According to Adjmi, his 3C was a comment on the "ways the television show presented and reinforced stereotypes about gender, age and sexual orientation" as well as "the times in which the show flourished -- when sexual liberation had begun to reshape American society, and dominant cultural forces like television attempted to channel it in commercially profitable directions, while many forms of sexual oppression continued."
That kind of commentary is important and, even if you disagree with the message, or think that platforming the commentary on a show as silly as Three's Company is misguided, those aren't questions of copyright law. Once the work becomes parody, never mind transformative, there ends the copyright argument. Judge Preska delved into the four-factor analysis of the claim, finding that DLT's claim of direct copying of characters, settings and themes to be baseless.
“Despite the many similarities between the two, 3C is clearly a transformative use of Three’s Company,” she writes. “3C conjures up Three’s Company by way of familiar character elements, settings and plot themes, and uses them to turn Three’s Company’s sunny 1970s Santa Monica into an upside-down, dark version of itself. DLT might not like the transformation, but it is a transformation nonetheless.”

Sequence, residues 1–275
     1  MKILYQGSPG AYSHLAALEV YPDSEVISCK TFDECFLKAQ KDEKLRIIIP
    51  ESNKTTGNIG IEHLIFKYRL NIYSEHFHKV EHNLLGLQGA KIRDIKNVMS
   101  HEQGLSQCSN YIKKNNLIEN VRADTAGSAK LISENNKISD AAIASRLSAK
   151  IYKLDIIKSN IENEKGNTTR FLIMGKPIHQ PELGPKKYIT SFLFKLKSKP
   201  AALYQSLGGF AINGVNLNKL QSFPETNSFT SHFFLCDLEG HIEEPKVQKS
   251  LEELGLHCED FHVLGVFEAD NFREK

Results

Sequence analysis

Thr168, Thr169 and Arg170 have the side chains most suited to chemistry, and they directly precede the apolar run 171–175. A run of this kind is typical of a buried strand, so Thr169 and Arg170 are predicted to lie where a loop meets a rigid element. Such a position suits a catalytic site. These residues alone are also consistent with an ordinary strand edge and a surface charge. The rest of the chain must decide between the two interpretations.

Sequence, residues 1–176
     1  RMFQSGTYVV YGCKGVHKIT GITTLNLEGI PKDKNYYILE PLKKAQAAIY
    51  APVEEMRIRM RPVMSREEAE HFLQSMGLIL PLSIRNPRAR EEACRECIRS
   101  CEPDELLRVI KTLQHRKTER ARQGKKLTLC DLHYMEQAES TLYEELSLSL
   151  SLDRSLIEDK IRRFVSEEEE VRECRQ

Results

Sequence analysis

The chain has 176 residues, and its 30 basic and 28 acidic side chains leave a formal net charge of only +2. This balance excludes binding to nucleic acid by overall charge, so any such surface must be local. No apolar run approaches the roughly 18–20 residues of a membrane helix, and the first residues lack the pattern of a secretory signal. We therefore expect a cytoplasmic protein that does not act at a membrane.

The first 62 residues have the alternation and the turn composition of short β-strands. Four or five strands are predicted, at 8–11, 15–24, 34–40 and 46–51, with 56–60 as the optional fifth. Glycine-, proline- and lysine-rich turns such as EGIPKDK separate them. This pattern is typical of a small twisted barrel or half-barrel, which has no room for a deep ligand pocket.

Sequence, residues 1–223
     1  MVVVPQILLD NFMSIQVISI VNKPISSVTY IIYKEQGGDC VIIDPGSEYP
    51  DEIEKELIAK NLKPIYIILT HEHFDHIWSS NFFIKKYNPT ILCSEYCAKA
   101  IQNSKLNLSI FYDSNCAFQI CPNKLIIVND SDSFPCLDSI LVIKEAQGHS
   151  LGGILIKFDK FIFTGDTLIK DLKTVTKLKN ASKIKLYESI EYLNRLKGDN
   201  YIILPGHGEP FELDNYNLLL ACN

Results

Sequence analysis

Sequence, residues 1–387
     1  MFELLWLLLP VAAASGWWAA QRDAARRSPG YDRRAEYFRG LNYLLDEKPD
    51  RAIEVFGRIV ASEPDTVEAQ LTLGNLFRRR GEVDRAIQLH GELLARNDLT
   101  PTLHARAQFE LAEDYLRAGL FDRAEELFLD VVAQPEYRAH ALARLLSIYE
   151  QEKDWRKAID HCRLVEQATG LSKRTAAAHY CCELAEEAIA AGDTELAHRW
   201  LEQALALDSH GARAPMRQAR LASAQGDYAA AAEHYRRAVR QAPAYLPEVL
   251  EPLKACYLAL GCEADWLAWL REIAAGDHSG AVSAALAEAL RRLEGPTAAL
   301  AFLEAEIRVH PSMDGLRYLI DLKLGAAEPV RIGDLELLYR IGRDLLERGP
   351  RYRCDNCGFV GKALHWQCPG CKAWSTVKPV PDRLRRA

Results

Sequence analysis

More likely, the more correct assertion would be that DLT might really like money, but they can't get any out of Adjmi just because some elements of Three's Company appear in his parody and transformative play.
Walmart. Just saying the company's name is usually enough to evoke unbidden brain-sounds of terrifying organ music and images of pitchfork-wielding devil-imps. But, hey, it's a large business that's been around for quite a while, so I guess it's doing alright. It seems to me that somebody might want to call a meeting with the Walmart legal brain trust, because the company's campaign against a silly and simple parody website isn't achieving much of anything at all, and is in fact Streisanding the parody site into national views.
This story starts back in 2012, when ICANN saw fit to hold a firesale on domain extensions. Buying them up was all the rage for reasons unfathomable to this author. Still, that was the impetus for how we arrived at Walmart going after a site with a .horse extension.